target, an Insignia White stripe the width of the wing root
was now to extend across the top of the fuselage and join
the wings. Those target drones controlled out of sight
remained overall Insignia Red.
Rockets, Rocket Launchers, and
Equipment and Weapons attached to
the airframe were now to be painted
For some reason, this paint scheme

other Accessories,
the under surfaces of
Insignia White overall.
was never applied to

conventional high explosive bombs which continued to be


painted Olive Drab with color bands to identify their explosive
content.
NAVAER INSTRUCTION 07.2A, New Exterior Color Schemes
and Paint Finishes for Naval and Marine Corps Aircraft,
dated September 21, 1956, directed that utility landplanes
not employed in training or towing targets were to be
unpainted aluminum or aluminized finish when required for
corrosion control. Target towing and drone control aircraft
were to continue to be painted in the Orange Yellow, Engine
Gray, and Insignia Red paint scheme. Land-based transport
aircraft were to be unpainted aluminum or aluminized finish
when required for corrosion control, with the addition of the
solar heat reflecting Insignia White on top of the fuselage.

44

In addition to the prohibition of wax coatings of any type on


aircraft in the carrier scheme, it was not to be applied on
nonspecular or semigloss painted surfaces of combat type
aircraft as this would degrade the camouflage effect.
Commander Air Force, Pacific Fleet (OOMAIRPAC)
Instruction NAVAER 07.2, dated January 25, 1957, established the color schemes for Navy and Marine Corps aircraft
within the controlling custody of COMAIRPAC. By July 1,
1957, all Fleet aircraft were to have been painted in the colors specified in 1955. A temporary, readily removable, high
Above: Unlike the multi-colors in a camouflage scheme, the white top

and Sea Blue terminated with a hard line as on this Martin P5M-1 of VP46. Below: This VP-40 P5M-2 Seamaster. is painted in the distinctive
scheme of solar heat reflecting upper hull on a Sea Blue aircraft.

Right: Carrier Airborne Early


Warning Squadron 12 (VAW-12) put
detachments on many ASW carriers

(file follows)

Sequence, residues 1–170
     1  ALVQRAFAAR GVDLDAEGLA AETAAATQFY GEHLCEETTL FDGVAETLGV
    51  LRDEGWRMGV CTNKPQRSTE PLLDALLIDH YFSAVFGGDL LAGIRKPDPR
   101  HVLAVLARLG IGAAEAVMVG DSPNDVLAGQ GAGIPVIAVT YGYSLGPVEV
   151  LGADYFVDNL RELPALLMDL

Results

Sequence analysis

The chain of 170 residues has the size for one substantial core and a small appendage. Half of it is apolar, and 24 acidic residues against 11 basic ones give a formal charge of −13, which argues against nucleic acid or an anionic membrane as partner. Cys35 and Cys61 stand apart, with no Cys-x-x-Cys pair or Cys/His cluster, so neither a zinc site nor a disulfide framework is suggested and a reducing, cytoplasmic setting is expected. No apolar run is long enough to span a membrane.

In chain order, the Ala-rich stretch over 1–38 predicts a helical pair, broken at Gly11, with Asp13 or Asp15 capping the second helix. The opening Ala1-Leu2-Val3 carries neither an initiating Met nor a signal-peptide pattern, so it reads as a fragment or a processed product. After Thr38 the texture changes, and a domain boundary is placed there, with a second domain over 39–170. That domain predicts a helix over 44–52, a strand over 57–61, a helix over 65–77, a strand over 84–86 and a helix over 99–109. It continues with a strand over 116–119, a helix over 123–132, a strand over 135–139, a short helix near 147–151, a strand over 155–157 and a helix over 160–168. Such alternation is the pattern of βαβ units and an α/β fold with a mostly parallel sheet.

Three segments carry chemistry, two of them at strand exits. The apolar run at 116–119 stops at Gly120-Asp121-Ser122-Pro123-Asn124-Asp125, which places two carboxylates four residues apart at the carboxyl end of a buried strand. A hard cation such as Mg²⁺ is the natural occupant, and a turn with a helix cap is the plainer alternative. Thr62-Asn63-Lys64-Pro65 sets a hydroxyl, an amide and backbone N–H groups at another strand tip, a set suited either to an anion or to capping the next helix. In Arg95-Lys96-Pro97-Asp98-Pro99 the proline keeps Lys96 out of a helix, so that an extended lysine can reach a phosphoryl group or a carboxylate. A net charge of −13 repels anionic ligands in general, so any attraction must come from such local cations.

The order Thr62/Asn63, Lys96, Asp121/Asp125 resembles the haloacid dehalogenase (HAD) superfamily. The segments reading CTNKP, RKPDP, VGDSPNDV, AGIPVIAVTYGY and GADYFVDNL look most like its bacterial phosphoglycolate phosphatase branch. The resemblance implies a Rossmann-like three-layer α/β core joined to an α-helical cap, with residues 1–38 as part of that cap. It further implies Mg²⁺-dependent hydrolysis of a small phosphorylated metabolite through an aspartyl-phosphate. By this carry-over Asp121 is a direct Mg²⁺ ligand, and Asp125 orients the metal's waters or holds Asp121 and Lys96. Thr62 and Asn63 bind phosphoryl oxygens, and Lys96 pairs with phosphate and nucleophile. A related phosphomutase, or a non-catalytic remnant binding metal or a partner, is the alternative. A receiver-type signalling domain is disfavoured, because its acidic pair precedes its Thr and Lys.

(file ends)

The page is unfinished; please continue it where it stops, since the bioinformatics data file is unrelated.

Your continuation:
but continued to use its own visual
identification letters as on this
Douglas AD-SW. Bottom: A well
worn Douglas AD-6 of VMA-22S. This
was one of the last Marine Corps
squadrons to fly the Skyraider prior
to converting to the A4D.

visibility paint was now available for the application of a high


visibility scheme when authorized by COMAIRPAC or CG,
AIRFMFPAC. The use of this paint on carrier aircraft of
deploying squadrons was not authorized at this time. All
painting and markings were to be applied in accordance with
the current directives for the particular scheme.

The painting of early warning aircraft was modified depending on the mode of operation. Land-based warning aircraft
which normally operated at 15,000 feet (4572 m) and higher
were to be painted glossy Aircraft Gray except the fuselage
roof which was to be the solar reflecting scheme. Landbased warning aircraft which normally operated at 15,000
feet (4572 m) and less were to be painted overall nonspecular Seaplane Gray.

Amendment 1 to MIL-C-18263A(Aer), issued on July 30,


1957, made numerous small changes. HUP-2 and H04S-3
helicopters used in training were added to the list of aircraft
painted glossy Orange Yellow. Helicopters finished in the
Light Gull Gray scheme could have the International
Orange applied locally when approved by the cognizant
command. When so applied, temporary removable paint
was to be used over the existing color scheme except for
areas requiring extensive masking. These areas were to be
left "as is." Because of the diverse configuration and sizes
in the current and planned helicopters, the Navy did not
specify any established pattern for this "split" or modified
"split" scheme as had been done with the conventional
aircraft.

---

All carrier-based aircraft assigned to the antisubmarine warfare mission were to continue with the carrier scheme of
Light Gull Gray and Insignia White. All helicopters, with the
exception of those used for training and the Marine Corps
helicopters in the land camouflage scheme, were to be
glossy Engine Gray in place of the nonspecular Light Gull
Gray. All helicopter transmissions and rotor mechanisms
were also to be painted glossy Engine Gray instead of Light
Gull Gray.
NAVAER INSTRUCTION 07.2A, SUP-1, dated October 2,
1958, specified a new high visibility color scheme. Its purpose was to aid in preventing midair collisions by utilizing a
continued on p. 50

~-----~

--_::--~~

--

----

-~-

- -----(

--------

_:=-.--=======-~---

Opposite Top Left and


Right: Markings normally

~.

not seen under the empennage of the F2H-1. This


McDonnell Banshee was
photographed during a visit
to NAS Squantum,
Massachusetts. The same
F2H-1 shows all required
markings. Opposite
Middle: A Lockheed PV2T2 used by VMF(AW)-20
as a radar trainer appears
to be In the process of
transferring to a Navy
squadron.

Above: Chance Vought AU-Is

(USMC variant of F4U Corsair)


were flown by Aircraft
Engineering Squadron 12
(AES 12) at Quantico to provide
ordnance support to the various
Marine Corps Schools. Left: While
converting from the Sea Blue
scheme VF11 continued to use its
Insignia Red lightning bolt and fin
tip. Below: The transition of
Marine Corps helicopters from
Light Gull Gray to Field Green is
seen here. In the foreground is a
Sikorsky HUS-1 Seahorse, while
an HRS-1 is in the background.

46

-~A~S~ik~o;rS;k~y~H;U~S;_l~se~a; ;';~ : : :=: : :=: ~ ~ ~ ~ ~ ~ ~ ~ ~ ~ ~ ~:~ .


-

Helicopter Utility Shor


quadranse 1assi(HgU-nedt1). o
4

Above: This is a high visibility scheme applied to an AD4B during evaluation of the Mk 44 aerial torpedo at
Naval Air Facility China Lake. Left: An AD-4N assigned
to Marine Composite Squadron 2 (VMC-2) is shown
with a radar pod under the right wing and searchlight